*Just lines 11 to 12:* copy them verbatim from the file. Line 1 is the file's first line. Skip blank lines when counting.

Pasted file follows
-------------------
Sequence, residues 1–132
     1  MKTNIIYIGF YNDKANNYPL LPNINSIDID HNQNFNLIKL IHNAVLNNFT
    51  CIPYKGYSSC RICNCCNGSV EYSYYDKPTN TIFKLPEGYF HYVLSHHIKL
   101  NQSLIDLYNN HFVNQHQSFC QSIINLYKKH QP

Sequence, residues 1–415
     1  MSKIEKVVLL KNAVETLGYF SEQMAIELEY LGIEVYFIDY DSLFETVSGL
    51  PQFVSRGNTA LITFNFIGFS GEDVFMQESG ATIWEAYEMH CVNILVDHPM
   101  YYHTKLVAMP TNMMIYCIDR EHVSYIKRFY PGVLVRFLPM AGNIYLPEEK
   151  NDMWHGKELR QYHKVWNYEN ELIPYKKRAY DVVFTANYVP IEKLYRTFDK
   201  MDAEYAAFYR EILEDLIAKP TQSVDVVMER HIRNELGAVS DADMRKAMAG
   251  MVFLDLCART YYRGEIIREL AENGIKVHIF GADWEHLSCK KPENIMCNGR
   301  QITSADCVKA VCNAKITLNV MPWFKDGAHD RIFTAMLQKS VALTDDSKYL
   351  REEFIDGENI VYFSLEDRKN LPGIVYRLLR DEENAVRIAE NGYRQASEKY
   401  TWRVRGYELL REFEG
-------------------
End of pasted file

   251  MVFLDLCART YYRGEIIREL AENGIKVHIF GADWEHLSCK KPENIMCNGR
   301  QITSADCVKA VCNAKITLNV MPWFKDGAHD RIFTAMLQKS VALTDDSKYL